Easing Into Stocks

WHILE LOUSY STOCK market returns can be great for those saving for retirement, many investors don’t see it that way. Their big fear: They’ll invest in stocks, only to get hit with a devastating market decline that triggers hefty financial losses and painful pangs of regret.

How can you overcome this fear? If you’re young and just starting out, keep in mind that, while this month’s investment may take place at lofty prices, you have decades of regular investments ahead of you, and those investments will occur at all kinds of different prices. It’s easy to get caught up in the guessing game about the market’s short-term direction, but today’s market angst is a big distraction from the long-term story. Over the 50 years through year-end 2023, global stock markets—as measured by the MSCI World index—returned 9.1% a year, including so-called net dividends, enough to turn $10,000 into $782,000.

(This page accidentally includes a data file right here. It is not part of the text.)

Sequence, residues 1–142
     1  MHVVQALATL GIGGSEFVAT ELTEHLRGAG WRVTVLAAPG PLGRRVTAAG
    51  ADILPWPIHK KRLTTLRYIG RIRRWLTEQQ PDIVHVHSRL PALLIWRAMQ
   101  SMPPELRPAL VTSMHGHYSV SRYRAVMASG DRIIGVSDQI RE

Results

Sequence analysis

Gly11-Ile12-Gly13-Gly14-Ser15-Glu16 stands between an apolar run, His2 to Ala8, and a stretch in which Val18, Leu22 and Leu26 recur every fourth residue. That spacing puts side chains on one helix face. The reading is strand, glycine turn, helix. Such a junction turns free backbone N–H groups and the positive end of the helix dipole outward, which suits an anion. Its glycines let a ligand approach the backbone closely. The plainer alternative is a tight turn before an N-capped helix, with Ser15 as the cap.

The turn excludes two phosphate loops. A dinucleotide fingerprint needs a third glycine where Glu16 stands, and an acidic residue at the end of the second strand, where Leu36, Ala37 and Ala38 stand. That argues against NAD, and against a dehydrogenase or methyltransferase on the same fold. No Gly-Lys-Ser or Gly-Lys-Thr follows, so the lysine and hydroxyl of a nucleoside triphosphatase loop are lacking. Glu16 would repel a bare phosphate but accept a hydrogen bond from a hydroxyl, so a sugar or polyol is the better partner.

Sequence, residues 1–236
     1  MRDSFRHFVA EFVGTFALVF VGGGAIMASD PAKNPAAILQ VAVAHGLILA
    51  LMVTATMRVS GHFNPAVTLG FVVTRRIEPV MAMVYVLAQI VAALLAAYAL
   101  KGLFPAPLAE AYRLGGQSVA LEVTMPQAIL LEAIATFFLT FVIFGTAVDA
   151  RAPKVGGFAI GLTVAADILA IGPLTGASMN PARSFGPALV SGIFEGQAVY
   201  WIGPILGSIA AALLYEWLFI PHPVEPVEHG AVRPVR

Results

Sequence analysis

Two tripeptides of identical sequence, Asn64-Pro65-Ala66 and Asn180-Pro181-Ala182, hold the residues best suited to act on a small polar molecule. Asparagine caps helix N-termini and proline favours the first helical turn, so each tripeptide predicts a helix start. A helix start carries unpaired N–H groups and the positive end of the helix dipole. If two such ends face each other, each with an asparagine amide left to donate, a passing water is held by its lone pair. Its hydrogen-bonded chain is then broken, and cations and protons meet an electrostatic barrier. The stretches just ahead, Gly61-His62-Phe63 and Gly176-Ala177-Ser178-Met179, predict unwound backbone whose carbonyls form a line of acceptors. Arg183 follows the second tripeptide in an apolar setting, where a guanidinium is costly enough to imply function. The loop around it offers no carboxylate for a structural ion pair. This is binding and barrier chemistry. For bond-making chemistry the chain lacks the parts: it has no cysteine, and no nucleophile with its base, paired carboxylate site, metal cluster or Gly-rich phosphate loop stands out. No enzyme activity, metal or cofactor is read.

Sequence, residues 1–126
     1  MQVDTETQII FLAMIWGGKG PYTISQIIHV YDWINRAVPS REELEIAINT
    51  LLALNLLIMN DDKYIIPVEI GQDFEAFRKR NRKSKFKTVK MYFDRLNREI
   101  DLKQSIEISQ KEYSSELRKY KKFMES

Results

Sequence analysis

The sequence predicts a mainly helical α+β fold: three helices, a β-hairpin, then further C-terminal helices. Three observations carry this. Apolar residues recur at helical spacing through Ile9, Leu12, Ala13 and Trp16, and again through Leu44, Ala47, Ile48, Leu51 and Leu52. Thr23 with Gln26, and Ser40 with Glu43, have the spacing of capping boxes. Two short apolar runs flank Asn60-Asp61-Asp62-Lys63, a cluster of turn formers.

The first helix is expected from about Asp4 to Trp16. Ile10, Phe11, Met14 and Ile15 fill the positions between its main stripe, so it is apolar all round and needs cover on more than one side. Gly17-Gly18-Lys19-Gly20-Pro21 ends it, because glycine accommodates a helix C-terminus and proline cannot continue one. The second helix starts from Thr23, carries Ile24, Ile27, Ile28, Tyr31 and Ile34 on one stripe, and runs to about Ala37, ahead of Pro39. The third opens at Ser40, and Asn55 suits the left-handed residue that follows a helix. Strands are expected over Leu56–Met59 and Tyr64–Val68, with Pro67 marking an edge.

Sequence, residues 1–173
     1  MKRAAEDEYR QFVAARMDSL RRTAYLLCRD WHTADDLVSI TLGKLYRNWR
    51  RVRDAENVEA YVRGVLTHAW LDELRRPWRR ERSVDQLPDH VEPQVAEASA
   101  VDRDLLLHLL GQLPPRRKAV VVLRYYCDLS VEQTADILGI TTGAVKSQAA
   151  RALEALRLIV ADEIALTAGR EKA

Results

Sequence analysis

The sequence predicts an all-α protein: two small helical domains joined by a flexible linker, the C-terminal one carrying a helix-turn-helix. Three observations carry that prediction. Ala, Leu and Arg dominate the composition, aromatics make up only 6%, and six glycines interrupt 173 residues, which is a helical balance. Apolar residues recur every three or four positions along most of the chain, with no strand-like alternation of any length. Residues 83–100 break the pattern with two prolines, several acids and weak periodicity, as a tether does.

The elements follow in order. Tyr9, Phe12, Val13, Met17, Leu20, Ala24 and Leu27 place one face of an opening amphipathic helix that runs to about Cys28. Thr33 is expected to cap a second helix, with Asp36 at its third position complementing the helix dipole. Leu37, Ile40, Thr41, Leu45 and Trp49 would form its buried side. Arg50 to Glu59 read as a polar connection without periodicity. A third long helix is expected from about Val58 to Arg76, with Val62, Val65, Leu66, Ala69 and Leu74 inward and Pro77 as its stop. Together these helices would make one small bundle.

Things are trickier if you’re older and have a large lump sum to invest. Perhaps you received an inheritance or a severance payment when you left your employer. Maybe you have been sitting in cash, worried about the stock market’s short-term direction, but now realize that you’re hurting your results.

What to do? History tells us that, on average, you would have earned the highest return by getting fully invested in stocks right away. Problem is, you won’t get an “average” result. Instead, you have just one shot—and you probably can’t afford the risk of dumping a huge sum into stocks and then seeing the market plunge 50%.

One possible strategy: Take the money you have earmarked for stocks, divide it into 24 or 36 equal sums, and then spoon the money into the market every month for the next two or three years. If the market drops 15%, double the size of your monthly investment. If it drops 25%, triple your monthly investment.

Next: Dollar Averaging

Previous: Pray for Bad Markets

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